Sliding Dirty had a long ass line queuing when we got there. For me, the crowd was a bit overwhelming, but thankfully a friend was nice enough to wait in line for me.

Sliding Dirty will put your burger on a tortilla if you’re celiac/doing the gluten-free thing, though if you are a true celiac their presentation may pose an issue for you, as they didn’t separate the tortillas from the bun-ed burgers, so gluten cross-contamination may be an issue for the very sensitive.

I thought the sliders were okay, but the price point kind of kills me at $4 per slider. You’d need at least 2 sliders for a meal if you’re peckish, at least 3 if you’re hungry, so you’re looking at a good $8-12 to start for sliders. When I think sliders I think “affordable”, and $8-12 to start for sliders isn’t what I really think of as affordable. FWIW, I hear they are trying to move to all local grass-fed beef in the future, which would at least rationalize the price point somewhat. I’m also not a huge fan of the bread-to-meat ratio on sliders in general, so I’m likely not Slidin Dirty’s target market. I’d just rather get a steak to grill at home for $12, or an actual burger somewhere else with a lower bun-to-meat ratio if I’m feeling burger-y. What the hey, lots of folks seem to like them, and they’ve just opened up a physical location, so this is just my curmudgeonly take on the slider fad.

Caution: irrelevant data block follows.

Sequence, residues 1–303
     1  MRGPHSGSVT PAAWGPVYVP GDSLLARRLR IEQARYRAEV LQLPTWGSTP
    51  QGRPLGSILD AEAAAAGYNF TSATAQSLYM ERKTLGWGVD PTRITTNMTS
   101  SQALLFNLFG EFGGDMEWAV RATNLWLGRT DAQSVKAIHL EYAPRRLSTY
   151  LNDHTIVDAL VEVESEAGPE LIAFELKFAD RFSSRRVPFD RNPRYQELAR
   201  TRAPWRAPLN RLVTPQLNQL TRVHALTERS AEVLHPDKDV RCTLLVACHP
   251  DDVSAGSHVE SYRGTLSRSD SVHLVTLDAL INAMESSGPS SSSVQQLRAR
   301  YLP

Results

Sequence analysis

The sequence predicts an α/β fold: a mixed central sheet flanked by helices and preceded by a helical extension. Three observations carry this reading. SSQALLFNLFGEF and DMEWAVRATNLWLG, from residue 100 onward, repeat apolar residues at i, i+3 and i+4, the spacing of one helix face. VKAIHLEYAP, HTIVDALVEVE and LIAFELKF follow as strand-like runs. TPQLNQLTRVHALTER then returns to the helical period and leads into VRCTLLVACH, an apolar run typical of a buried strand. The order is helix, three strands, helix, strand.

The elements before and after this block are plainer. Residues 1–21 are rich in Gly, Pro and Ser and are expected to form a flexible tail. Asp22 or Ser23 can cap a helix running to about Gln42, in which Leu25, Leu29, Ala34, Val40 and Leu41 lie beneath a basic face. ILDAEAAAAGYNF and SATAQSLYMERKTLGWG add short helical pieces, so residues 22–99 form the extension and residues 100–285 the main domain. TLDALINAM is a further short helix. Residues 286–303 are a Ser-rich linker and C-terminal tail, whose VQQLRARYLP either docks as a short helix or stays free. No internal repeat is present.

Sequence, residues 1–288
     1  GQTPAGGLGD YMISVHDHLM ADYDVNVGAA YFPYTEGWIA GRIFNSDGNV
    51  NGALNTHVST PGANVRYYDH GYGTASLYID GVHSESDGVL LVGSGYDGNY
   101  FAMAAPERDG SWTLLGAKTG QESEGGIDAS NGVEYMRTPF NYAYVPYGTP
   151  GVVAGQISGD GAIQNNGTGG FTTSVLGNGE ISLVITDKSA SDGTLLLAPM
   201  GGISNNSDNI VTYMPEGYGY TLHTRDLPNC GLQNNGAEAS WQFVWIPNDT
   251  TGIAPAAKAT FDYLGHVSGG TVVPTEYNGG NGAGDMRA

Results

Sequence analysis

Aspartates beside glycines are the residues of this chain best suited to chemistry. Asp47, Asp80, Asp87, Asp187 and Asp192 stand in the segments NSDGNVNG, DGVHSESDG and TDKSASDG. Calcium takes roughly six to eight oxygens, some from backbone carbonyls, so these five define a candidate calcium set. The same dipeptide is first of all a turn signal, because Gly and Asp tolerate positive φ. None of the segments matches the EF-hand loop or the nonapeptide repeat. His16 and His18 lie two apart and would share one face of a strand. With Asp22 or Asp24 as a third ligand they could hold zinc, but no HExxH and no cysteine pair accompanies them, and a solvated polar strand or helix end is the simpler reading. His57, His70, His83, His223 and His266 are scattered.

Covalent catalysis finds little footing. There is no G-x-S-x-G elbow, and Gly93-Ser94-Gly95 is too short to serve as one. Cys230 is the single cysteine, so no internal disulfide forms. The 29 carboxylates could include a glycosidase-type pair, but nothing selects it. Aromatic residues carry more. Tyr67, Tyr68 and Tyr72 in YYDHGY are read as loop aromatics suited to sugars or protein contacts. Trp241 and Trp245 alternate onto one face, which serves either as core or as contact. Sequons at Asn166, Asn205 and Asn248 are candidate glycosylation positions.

City Beer Hall was one of the final stops on the Newish In Albany Tour. Mystery buckets and brown liquor to round out a visit.

The Cheese Traveler to Host Friday Night Cookouts

Where: The Cheese Traveler, 540, Delaware Ave, Albany

When: May 30th, and subsequent Friday evenings

Cost: Priced according to menu between $4-$10

The Cheese Traveler, a cheese shop which opened in Albany in September 2012 and was recently named Best New Specialty Food Shop in Hudson Valley Magazine, will host Friday Night Cookouts over the summer beginning May 30th.